"We all know that Christopher Columbus and his successors enslaved the natives in the New World. Reséndez (History/Univ. of California, Davis; A Land So Strange: The Epic Journey of Cabeza de Vaca, 2009, etc.) exposes the broad brush that the "other slavery" wielded. The extinction of the indigenous peoples of America is usually written off as the effect of diseases introduced by Spanish soldiers and colonists. Not so, says the author; it took only 60 years after Columbus' discovery for a cataclysmic population collapse. They died from slavery, overwork, and famine. Reséndez examines the methods of enslavement, from the 15th-century Caribbean to 19th-century California, and his approachable style eases reading difficult personal stories of slavery and cruelty. That there are so many individual stories illustrates the author's wide-ranging research. Columbus initially intended to transport Indians to Europe in a "reverse middle passage," but he was thwarted by Ferdinand and Isabella's opposition to slavery as well as the need for labor in the mines. In 1542, the Spanish crown passed the New Laws, outlawing slavery, and procuradores, specialist lawyers, were appointed to sue for freedom of those illegally enslaved. Reséndez shows how inconvenient laws were bypassed. First, the parameters of who could be enslaved were not necessarily strictly defined. While the royals insisted their people be treated as vassals, those who enslaved them just changed the nomenclature and methods. Colonists were granted encomiendas, grants of Indians to overlords, or repartimientos, compulsory labor drafts. The growth of peonage—debt slavery—provided even more slave labor. Eventually, Mexican silver mines turned to New Mexico to supply slaves, which gives the author the opportunity to provide the history of peoples in the Southwest. As the Mormons bought slaves to "civilize" them, the Spanish initially enslaved people to "Christianize" them. Both merely created an underclass. This eye-opening exposure of the abuse of the indigenous peoples of America is staggering; that the mistreatment continued into the 20th century is beyond disturbing." 

    Kirkus 

     

    "Reséndez (A Land So Strange), a professor of history at the University of California, Davis, details the ways in which Native Americans were subjected to enslavement throughout the Americas. When the U.S. gained California and other southwestern territories from Mexico in 1848, it also acquired a significant number of Indian slaves who were “entrapped by a distinct brand of bondage… perpetrated by colonial Spain and inherited by Mexico.” This form of enslavement ran parallel to that endured by people of African descent throughout colonial Latin America and, Reséndez argues, generated an even more disastrous population loss. He notes the ways in which the “other slavery” defies simple definitions, relating how it was so widespread and deeply rooted in the economy and society of the Americas that it lasted even longer than that of African slavery, persisting in the guise of debt peonage into the 20th century. Emphasizing the variety of experiences of unfree labor suffered over five centuries by individuals from communities as culturally diverse and geographically separate as the Maya, the Apache, and indigenous Caribbeans, Reséndez vividly recounts the harrowing story of a previously little-known aspect of the histories of American slavery and of encounters between indigenes and invaders. "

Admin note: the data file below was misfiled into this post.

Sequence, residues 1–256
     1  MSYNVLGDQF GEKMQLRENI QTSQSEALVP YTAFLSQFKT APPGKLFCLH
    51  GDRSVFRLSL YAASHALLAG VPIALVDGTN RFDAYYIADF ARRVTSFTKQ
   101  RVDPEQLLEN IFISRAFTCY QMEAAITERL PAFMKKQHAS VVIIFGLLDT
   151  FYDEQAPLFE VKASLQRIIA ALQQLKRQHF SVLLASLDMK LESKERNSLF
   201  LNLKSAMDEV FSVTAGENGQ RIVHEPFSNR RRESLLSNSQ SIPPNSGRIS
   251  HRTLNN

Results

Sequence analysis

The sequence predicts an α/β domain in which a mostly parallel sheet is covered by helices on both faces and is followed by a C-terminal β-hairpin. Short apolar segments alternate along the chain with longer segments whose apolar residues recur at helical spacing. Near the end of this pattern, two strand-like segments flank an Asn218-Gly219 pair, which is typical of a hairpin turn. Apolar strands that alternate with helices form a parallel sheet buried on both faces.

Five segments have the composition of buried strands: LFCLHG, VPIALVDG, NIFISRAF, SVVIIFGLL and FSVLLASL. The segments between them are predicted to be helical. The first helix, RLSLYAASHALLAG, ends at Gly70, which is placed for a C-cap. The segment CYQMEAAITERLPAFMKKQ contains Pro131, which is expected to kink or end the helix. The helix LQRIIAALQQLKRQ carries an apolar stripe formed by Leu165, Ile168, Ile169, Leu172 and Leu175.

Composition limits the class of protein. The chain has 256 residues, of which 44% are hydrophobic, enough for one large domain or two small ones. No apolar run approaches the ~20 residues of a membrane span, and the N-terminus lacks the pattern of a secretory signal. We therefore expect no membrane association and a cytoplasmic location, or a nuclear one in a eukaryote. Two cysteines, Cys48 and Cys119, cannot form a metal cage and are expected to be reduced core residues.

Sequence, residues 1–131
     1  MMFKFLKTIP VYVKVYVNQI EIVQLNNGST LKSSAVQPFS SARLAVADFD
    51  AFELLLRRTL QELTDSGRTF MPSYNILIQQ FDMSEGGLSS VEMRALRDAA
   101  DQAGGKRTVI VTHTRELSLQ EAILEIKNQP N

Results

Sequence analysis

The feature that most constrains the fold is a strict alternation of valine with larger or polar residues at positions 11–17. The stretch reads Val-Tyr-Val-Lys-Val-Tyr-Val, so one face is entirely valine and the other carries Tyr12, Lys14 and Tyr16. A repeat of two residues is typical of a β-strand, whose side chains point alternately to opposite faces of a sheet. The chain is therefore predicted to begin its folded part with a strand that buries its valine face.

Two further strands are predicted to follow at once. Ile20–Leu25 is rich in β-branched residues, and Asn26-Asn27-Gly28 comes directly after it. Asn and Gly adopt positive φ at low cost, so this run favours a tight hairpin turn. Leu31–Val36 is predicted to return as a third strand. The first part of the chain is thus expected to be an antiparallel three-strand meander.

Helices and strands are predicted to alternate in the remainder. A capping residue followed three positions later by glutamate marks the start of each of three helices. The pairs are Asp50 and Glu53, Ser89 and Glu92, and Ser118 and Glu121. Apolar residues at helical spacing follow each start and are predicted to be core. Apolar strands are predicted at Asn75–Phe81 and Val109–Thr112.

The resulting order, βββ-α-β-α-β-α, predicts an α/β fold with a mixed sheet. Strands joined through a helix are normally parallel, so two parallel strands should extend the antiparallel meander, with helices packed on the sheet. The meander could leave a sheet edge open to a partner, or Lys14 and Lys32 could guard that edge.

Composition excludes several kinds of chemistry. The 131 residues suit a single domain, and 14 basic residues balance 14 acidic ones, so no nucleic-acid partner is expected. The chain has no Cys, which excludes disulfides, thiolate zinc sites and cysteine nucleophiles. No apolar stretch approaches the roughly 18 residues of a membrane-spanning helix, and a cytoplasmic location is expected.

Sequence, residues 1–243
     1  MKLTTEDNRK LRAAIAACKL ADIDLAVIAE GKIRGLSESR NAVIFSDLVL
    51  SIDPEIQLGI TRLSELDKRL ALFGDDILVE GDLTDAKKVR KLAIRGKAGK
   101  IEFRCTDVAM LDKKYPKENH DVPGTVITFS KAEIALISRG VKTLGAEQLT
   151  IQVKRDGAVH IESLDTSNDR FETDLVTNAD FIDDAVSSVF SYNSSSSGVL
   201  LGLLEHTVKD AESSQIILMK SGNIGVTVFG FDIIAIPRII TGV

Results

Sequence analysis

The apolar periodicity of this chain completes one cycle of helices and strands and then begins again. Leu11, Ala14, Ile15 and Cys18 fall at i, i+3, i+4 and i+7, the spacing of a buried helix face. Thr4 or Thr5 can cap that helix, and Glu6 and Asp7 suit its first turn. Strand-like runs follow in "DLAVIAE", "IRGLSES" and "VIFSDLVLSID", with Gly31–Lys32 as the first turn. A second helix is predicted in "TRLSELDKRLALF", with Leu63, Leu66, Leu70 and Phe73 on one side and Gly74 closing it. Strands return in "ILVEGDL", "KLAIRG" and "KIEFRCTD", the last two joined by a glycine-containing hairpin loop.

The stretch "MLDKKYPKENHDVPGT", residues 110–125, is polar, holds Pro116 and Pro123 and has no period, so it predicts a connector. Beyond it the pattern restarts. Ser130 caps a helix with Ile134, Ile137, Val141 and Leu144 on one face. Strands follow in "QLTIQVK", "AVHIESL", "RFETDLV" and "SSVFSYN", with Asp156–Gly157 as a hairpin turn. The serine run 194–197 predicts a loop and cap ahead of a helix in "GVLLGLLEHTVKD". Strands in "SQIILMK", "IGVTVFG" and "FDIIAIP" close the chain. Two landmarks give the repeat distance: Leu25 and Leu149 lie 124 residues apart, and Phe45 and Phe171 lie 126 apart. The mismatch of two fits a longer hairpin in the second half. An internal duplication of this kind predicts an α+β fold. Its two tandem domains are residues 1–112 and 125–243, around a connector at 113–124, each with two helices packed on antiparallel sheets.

Publisher's Weekly 

     

    "Today, with the complex and myriad effects of globalization frequently in the news, human trafficking has managed to endure. The Other Slavery both reminds and cautions: Man’s inhumanity to man is still making history." 

    Book Page 

     

    “At a time when we are struggling to come to grips with the legacy of our long-time African slavery experience, it is only right that we should also acknowledge and inform ourselves of the human tragedy endured by the indigenous people of this hemisphere from Columbus’ first contact to the present.” 

    — New York Journal of Books

  • excerpts

    Caribbean Debacle 

      

    Indian slavery poses a fundamental demographic puzzle. The first Europeans in the New World found a thriving archipelago: islands large and small covered by lush vegetation, teeming with insects and birds, and alive with humans. The Caribbean was “a beehive of people” wrote Bartolomé de Las Casas, the most well known of the region’s early chroniclers, who accompanied several expeditions of discovery. “As we saw with our own eyes,” he added, “all of these islands were densely populated with natives called Indians.” The people who greeted Columbus were indeed plentiful. Modern scholars have proposed wildly varying population estimates for the Caribbean, ranging from one hundred thousand to ten million. But while the initial population is debatable, no one doubts the cataclysmic collapse that followed. By the 1550s, a mere sixty years, or two generations, after contact, the Natives so memorably described by Columbus as “affectionate and without malice” and having “very straight legs and no bellies” had ceased to exist as a people, and many Caribbean islands became eerie uninhabited paradises. 

     

    As every schoolchild knows, epidemic disease was a major reason for this devastation. Europeans introduced pathogens to which the Natives had little or no resistance, triggering “virgin soil” epidemics. It was like “dropping lighted matches into tinder,” wrote Alfred W. Crosby in his pioneering work on the depopulation of early America. Measles,